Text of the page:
Divorce Mediation – A Simple Guide
This guide to divorce mediation explains what mediation is, how it works, when it is necessary and how a divorce lawyer can assist you. It also looks at the differences between mediation and another valuable approach to the resolution of issues arising from the breakdown of a relationship, Collaborative Law.
What is divorce mediation?
Divorce mediation is a way for people who are separating or getting divorced to reach agreement on the matters in dispute, such as arrangements for children, the family finances, and dividing property.
Divorce mediation is not relationship counselling and your mediator will focus on various issues, arising from your decision to end your relationship.
How does divorce mediation work?
There a number of different models and methods for mediation, but the basic principles are the same:
- A trained, impartial mediator meets with you and your former partner to help you to discuss and resolve your differences.
- You will meet your mediator alone for an initial session, so you can discuss the issues that are important to you. The mediator will also talk to your partner alone. Then, if possible, you will meet together in a neutral setting to discuss the relevant issues.
- The mediator will facilitate the discussions between you and your former partner and identify a way for you to reach agreement.
- Mediators cannot give legal advice, nor are they trained in Family Law. If you feel you need legal assistance you should consult your divorce lawyer beforehand and, possibly, between sessions. You could also consider the possibility of lawyer assisted mediation or another approach, such as Collaborative Law, when your solicitor will accompany you.
- At the conclusion of the mediation sessions, the mediator will prepare a document recording the decisions you have made and agree to uphold.
- Am I obliged to attend divorce mediation?
There is no legal requirement for separating couples to undertake mediation. However, if you cannot reach decisions about children, property and money and you later need to apply to the Family Court for a court order, you will be required to attend a Mediation Information Assessment Meeting (MIAM) beforehand to explore whether mediation would help you to reach agreement.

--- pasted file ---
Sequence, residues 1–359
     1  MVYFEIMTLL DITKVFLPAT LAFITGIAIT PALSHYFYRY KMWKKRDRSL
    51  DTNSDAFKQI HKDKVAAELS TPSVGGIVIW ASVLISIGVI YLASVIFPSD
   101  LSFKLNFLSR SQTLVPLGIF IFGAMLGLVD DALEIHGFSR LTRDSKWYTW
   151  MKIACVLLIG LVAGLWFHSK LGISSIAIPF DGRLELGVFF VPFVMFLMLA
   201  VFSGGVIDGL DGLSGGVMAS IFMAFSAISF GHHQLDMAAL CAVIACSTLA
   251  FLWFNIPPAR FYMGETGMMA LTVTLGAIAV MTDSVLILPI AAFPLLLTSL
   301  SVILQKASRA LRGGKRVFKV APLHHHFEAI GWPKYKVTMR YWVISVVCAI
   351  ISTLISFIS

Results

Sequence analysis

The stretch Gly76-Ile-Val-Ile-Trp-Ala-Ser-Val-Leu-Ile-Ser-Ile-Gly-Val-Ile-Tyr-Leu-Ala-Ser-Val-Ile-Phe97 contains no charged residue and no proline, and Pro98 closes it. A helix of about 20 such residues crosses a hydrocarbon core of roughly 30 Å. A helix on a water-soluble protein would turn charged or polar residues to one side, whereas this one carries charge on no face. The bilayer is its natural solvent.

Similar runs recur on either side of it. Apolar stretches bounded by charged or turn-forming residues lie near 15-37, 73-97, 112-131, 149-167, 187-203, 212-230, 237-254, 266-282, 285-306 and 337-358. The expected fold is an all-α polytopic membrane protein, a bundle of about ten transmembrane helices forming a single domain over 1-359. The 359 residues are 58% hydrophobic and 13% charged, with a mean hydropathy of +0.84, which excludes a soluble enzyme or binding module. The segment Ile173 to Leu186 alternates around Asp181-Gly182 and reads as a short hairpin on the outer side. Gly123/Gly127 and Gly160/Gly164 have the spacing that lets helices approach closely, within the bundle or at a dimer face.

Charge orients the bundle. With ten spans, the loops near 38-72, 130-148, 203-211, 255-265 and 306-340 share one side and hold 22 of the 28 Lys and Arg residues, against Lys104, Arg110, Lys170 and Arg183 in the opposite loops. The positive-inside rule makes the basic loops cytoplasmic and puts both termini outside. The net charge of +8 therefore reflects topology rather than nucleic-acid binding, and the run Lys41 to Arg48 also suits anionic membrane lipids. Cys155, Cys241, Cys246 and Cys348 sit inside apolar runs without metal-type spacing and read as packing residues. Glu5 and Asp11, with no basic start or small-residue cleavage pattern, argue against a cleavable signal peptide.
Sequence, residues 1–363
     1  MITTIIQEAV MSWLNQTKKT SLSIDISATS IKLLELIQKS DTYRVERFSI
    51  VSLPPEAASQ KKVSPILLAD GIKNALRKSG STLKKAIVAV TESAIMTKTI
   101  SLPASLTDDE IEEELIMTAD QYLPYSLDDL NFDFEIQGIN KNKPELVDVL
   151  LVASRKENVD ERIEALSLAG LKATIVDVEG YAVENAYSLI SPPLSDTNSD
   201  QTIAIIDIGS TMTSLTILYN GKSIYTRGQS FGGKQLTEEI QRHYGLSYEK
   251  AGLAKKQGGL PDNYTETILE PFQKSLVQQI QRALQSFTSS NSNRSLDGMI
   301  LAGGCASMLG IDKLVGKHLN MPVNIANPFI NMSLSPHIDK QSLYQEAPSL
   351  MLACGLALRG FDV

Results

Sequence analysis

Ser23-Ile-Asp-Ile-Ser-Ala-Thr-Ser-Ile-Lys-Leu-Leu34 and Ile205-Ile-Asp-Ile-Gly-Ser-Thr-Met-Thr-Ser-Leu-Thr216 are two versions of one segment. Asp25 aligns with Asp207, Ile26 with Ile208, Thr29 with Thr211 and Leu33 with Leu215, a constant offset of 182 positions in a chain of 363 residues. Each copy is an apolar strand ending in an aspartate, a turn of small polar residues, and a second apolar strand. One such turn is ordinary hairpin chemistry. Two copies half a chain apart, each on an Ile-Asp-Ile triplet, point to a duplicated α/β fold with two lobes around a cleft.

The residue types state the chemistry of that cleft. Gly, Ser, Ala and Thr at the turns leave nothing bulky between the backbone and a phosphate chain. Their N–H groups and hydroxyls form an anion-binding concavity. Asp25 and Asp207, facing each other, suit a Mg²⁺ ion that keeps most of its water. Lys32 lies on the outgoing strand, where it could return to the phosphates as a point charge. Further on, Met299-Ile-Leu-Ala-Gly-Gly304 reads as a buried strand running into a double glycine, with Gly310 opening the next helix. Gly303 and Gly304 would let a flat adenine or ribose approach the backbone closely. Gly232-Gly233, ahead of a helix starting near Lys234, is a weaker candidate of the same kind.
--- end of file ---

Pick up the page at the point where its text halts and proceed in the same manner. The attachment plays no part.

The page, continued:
Is mediation better than going to court for a financial settlement on divorce?
Going to court is usually more time consuming, expensive and stressful than attempting to agree the arrangements through mediation. When you apply to the court, a judge will decide the arrangements for children, property and finances; these decisions will be out of your control. Therefore, if you would prefer to attempt to resolve your disputes with the help of an independent professional, mediation may be the most appropriate option
Mediation is not suitable for everyone and in certain cases it will be necessary to apply to the court in the first instance. If you feel you would be unable to reach agreement through mediation your divorce lawyer will advise you of other ways to resolve your disputes without redress to the court, such as family arbitration and Collaborative Law.
Is a divorce mediation agreement legally binding?
No, the document you receive at the conclusion of your mediation is neither legally binding nor enforceable. However, you can ask a solicitor to draft a consent order to reflect the terms of the mediation agreement and apply to the court to have it approved.
Will my divorce lawyer be able to advise me during mediation?
Usually, mediation sessions occur exclusively between you, your former partner and the independent mediator. However, it may be possible to arrange lawyer-assisted mediation so that each party's solicitor also attend the meetings.
Lawyer assisted mediation can be useful if you are particularly nervous about speaking to your former partner or you do not fully understand your legal rights.
Is divorce mediation a free service?
No, there are numerous costs associated with mediation, including that of the MIAM and subsequent mediation meetings. If you wish to have a lawyer accompany you during mediation, there will be a separate fee for their services. There are additional court fees if you wish to apply for a consent order once you have reached a mediated agreement.
However, usually, the costs associated with financial settlements and arrangements for children agreed through mediation are lower than when they are sought through the court system.
Mediation or Collaborative Divorce?
When communication remains amicable but the matters to be decided are particularly complex or there is a lot at stake, a Collaborative Law approach may be more appropriate than mediation. This is because your solicitor, financial and pensions advisers would be available to participate in the Collaborative Law process.
In Collaborative Divorce at the beginning all parties sign an agreement, which sets out how the meetings should proceed and the issues that need to be resolved. You, your former partner and your divorce solicitors agree to conduct the negotiations openly and constructively.
As a trained Collaborative Lawyer, Donna Goodsell can provide expert legal advice for a Collaborative Divorce.